What Does Success Look Like?

Success is a problem.

I mean, as a word. It’s a complicated notion that’s often given a simple definition.

The associations are accomplishments, tangible gains, and an antithesis to any kind of failure. For me, it’s too simplistic an idea — considering, for one, that we’re unable to see far enough into the future to determine progress or regress. But that’s not even it. The truth is that success is often a subjective crown, worn by the person who decides when to wear it and when it’s deserving of self-shame. Neither are quite beneficial.

When it comes to frameworks, however, success is in the development. It’s in the building of — and sometimes that means breaking a few beams. For me, it’s in the creation of something bigger, and each failure on the way is a step in the creation. This is what makes success so difficult to define in the monthly challenges I’m taken on.

It’s a nuance that I have a hard time explaining, so let’s try.

My monthly challenges are a chance to open up opportunities to test myself. That’s simple yes. But as I outlined previously, these are parts to a great sum — to develop a systemization of success. To find what it is that makes me successful and what allows me to fail. And to stay accountable to it.

I want to succeed in these short-term monthly challenges. But I want even more to succeed in the long-term game here of developing and refining a self-success system. And I realize to do this — the latter — that I’ll need to fail. That I’ll need to not hit the goals developed in my challenge (and sometimes arbitrarily developed) in order to achieve my something greater.

So how do I go on wanting to accomplish a goal and wanting to fail at the same time? Well, it’s tough. I approach it with my utmost. I approach it wanting to hit the challenge but prioritizing knowledge and experience over short-term gains. If I don’t finish a challenge, hard questions must be asked. If I do finish one, actions must be examined in detail. I must keep asking, “what happened?” and seeing that answer above all else. The problem is to not detach from the realm of happening. And that’s tough not to do.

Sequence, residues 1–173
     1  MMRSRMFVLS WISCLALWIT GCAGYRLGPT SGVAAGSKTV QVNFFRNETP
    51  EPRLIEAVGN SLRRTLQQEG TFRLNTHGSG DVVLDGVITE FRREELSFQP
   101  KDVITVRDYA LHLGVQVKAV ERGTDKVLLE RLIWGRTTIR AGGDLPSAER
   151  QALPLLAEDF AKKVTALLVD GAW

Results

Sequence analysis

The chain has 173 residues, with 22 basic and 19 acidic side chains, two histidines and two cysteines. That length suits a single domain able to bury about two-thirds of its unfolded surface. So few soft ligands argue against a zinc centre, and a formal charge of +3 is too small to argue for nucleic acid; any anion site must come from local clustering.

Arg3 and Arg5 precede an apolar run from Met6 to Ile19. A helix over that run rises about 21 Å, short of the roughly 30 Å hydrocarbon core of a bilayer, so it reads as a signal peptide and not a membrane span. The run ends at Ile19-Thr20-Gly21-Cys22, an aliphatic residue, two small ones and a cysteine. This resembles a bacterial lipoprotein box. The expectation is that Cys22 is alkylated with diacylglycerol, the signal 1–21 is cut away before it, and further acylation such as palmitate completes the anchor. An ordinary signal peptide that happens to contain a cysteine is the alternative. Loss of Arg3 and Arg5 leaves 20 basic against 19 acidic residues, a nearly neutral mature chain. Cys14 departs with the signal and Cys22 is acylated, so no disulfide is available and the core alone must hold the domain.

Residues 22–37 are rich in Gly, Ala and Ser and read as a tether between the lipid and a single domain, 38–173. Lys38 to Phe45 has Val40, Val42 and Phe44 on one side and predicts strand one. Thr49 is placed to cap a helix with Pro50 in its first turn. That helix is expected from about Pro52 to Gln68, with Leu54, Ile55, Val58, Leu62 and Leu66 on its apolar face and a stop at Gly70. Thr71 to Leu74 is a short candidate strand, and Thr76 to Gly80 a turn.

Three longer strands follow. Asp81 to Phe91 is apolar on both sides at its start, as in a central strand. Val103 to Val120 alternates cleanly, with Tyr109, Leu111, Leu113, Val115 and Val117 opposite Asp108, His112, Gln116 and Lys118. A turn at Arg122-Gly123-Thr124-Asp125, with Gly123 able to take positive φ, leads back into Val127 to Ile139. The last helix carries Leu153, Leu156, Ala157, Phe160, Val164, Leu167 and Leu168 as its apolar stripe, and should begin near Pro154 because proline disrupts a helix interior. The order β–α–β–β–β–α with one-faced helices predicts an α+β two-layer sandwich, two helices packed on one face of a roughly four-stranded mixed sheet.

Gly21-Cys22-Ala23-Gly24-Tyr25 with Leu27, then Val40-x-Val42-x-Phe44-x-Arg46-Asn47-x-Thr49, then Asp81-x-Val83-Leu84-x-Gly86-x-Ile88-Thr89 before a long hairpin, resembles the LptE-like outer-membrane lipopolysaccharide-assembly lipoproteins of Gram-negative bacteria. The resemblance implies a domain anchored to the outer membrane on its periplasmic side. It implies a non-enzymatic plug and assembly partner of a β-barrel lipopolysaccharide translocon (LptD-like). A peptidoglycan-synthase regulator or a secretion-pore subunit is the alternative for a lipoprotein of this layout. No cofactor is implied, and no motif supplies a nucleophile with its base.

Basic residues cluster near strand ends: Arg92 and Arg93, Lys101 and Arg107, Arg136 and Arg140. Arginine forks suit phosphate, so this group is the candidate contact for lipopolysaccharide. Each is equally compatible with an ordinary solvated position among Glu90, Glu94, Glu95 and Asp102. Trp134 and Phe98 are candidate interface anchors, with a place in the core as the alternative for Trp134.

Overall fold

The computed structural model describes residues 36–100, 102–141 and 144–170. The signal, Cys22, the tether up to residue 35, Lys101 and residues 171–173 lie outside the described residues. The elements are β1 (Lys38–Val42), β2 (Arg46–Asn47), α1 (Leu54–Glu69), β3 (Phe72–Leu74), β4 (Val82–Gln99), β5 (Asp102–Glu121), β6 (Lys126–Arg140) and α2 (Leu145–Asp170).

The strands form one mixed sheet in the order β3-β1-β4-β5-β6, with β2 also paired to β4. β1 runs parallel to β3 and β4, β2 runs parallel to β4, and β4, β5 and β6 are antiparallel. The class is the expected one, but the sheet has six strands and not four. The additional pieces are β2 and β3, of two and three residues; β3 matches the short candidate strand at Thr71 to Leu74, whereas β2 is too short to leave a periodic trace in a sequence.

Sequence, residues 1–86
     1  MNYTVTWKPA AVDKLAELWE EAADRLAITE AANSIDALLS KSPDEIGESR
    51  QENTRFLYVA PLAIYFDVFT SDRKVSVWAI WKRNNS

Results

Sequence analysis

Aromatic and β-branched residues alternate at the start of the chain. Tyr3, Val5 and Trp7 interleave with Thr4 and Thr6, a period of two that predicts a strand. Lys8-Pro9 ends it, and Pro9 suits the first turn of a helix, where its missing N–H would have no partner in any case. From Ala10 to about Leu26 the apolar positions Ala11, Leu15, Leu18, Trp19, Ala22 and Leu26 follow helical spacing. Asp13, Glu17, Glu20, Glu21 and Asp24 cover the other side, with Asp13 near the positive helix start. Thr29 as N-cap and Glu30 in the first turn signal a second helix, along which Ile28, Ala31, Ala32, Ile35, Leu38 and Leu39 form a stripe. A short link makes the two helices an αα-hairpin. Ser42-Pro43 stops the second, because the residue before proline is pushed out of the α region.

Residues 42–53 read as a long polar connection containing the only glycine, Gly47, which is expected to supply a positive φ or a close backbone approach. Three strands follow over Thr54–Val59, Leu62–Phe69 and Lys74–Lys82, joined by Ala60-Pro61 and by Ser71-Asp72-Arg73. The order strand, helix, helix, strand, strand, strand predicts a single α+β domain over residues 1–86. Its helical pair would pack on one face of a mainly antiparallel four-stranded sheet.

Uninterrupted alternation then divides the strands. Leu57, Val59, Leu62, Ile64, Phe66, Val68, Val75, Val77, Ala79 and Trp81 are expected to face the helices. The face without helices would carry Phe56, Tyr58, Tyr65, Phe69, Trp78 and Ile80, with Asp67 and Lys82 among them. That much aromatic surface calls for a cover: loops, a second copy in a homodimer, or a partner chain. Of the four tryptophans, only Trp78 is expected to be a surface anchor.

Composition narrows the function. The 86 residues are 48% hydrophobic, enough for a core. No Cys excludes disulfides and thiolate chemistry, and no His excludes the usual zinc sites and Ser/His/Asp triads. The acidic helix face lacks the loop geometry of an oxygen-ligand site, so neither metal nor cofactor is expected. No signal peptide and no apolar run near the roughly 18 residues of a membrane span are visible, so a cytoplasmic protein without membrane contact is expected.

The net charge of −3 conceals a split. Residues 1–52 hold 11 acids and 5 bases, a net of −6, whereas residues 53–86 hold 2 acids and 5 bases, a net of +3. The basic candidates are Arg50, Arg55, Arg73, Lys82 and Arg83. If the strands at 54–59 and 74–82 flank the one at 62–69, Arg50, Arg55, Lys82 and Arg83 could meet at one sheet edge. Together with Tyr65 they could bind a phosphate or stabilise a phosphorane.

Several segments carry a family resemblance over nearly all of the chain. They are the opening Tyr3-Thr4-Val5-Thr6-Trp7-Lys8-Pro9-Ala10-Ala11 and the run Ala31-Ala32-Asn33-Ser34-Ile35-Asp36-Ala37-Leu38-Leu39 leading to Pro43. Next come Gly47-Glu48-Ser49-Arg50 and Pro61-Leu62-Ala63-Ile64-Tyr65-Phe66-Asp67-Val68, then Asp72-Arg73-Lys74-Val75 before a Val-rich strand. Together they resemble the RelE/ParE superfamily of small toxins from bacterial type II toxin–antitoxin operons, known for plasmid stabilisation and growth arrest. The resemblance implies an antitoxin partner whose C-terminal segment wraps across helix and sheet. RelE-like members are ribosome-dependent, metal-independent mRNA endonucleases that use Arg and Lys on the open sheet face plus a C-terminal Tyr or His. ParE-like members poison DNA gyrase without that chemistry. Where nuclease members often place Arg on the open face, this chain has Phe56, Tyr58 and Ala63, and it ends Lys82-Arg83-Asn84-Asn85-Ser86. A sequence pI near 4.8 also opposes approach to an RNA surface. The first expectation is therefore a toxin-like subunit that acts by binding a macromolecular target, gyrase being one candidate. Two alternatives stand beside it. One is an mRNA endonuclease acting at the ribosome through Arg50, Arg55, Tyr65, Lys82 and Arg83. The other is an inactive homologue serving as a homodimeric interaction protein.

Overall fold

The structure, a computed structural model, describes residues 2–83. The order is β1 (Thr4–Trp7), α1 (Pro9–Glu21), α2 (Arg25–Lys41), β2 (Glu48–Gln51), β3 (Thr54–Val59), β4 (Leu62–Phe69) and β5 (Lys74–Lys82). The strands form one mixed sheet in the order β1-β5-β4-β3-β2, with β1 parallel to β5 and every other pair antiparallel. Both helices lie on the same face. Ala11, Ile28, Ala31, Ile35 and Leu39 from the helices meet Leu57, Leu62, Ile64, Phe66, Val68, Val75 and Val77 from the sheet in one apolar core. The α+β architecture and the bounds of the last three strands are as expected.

Each month, particularly in the beginning, I play participant, referee, judge, and historian. The roles themselves are enough to throw the entire endeavor off, but I mustn’t let it.

Herein lies the problem I started with: success is not a simple location. So what is success?

Success must then be truth. It must be an uncovering of something in the action of achievement or the missing of it. That’s where I’m trying to head. It’s not just the pie-in-the-sky hope of my framework — there are steps along the way that can be called successful or not. But these are not the steps of finishing a challenge with a 100% achievement rate. Nor a 70%, or a 30% rate and calling it a failure, or a 0% and missing entirely. That’s not the mark of judgment where one stands successful or not.

Success, then, is the rumbling beauty of transparency. What is working and why? Can we determine to know? Can we place success as a quantum point in history that we can look back on, build on from, and not reduce to a simple ‘yes’ or ‘no’ — but to make fecund unto the possibility of moving forward.

Success is a continuation. And so I move forward one month. And one after. And onward.